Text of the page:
Gun resolution, ordinance on the books in Edmonds

Fine of up to $500 possible if lost, stolen guns not reported
By Brian Soergel | Mar 02, 2017
Mike Nelson

The Edmonds City Council has passed two measures in an attempt to prevent gun violence and promote gun safety.

On Feb. 14, the council passed a resolution from Councilmember Mike Nelson calling for the responsible storage of firearms. As Nelson wrote Feb. 23 in a Guest View column in the Beacon titled “Lock It Up,” the resolution supports House Bill 1122, currently in the state Legislature and sponsored by Rep. Ruth Kagi.

It imposes criminal liability on a gun owner if a child gains access to a gun that the gun owner failed to secure, and the gun hurts or kills the child or another person.

In 2013, the Snohomish County Board of Health passed a resolution that calls on federal and state lawmakers to take meaningful action to address gun violence. The city’s resolution aligns with the Health Board’s decision, Nelson said.

A week later, on Feb. 21, councilmembers unanimously passed an ordinance, which Nelson also brought forth, that requires owners to report lost or stolen firearms.

“This ordinance will promote public safety by enabling law enforcement to better track illegal guns and firearms used in the commission of crimes,” Nelson said.

“It will help return lost guns to their rightful owners, and protect gun owners from being wrongly implicated in crimes committed with their lost or stolen guns.

“We know that people who should not be getting access to firearms are. We also know from a recent comprehensive survey of gun owners that the number of guns actually stolen or lost is at least double the amount reported to police.”

Federal law now requires gun dealers to report lost or stolen guns. But currently, in Washington state, there is no requirement for owners to report lost or stolen guns.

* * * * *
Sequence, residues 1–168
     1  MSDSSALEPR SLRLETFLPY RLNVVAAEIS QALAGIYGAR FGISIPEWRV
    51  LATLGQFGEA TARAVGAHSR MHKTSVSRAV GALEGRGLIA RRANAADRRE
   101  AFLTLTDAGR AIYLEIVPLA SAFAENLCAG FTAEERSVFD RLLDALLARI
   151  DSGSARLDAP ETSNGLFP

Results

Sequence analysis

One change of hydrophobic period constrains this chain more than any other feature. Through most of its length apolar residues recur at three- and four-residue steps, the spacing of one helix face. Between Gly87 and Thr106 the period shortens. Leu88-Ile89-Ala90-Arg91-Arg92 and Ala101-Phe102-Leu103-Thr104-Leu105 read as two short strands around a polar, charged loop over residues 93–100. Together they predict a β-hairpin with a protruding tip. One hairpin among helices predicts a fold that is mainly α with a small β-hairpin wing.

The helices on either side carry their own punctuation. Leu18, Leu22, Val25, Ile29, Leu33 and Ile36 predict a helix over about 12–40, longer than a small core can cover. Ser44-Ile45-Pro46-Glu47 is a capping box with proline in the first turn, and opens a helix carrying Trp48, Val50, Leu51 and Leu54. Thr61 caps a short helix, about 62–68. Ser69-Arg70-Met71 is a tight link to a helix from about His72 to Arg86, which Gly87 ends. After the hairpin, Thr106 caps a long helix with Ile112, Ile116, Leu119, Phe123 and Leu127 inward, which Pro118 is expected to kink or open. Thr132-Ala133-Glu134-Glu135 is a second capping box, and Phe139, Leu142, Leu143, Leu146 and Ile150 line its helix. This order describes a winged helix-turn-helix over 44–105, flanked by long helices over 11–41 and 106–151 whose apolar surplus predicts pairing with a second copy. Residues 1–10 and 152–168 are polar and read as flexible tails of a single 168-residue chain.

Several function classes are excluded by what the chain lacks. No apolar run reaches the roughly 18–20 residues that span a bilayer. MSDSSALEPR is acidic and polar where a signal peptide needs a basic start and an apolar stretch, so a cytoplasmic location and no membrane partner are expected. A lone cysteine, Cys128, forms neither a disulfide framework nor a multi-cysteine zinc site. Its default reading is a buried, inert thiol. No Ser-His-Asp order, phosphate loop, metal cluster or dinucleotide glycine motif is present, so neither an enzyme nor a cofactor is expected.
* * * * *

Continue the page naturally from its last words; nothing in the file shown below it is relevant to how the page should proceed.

Nelson said those who steal firearms commit violent crimes with stolen guns, transfer stolen firearms to others who commit crimes, and create an unregulated secondary market for firearms, including a market for those who are prohibited by law from possessing a gun.

“The problem is that in our state, 96 percent of the ‘reported’ lost or stolen guns came from individuals, not businesses,” he said. “In one year alone, Washington state had 5,053 guns reported stolen or lost.”

Nelson added that gun owners often are unable to report a lost or stolen gun's serial number to law enforcement because they are not required to keep records.

“Many people assume there is some national or state government registry of gun serial numbers, but there is not,” he said. “There is no such thing for guns after they are sold to an individual.”

The ordinance does not impose criminal penalties, as it is intended as a civil infraction, Nelson said.

The ordinance states: “If a firearm is lost or stolen, the person who owned or was in possession of the firearm shall report the theft or loss to the Edmonds Police Department if the loss or theft occurred in Edmonds.

"The report shall be made within 24 hours after the theft or loss is first discovered, and shall include to the extent known, the firearm’s caliber, make, model, manufacturer, and serial number; any other distinguishing number or identification mark on the firearm; and the circumstances of the loss or theft, including the date, place, and manner.”

The resolution also states the following: “Any violation of or failure to comply with the provisions of this section shall constitute a civil infraction and shall be punished by a fine not to exceed $500.”


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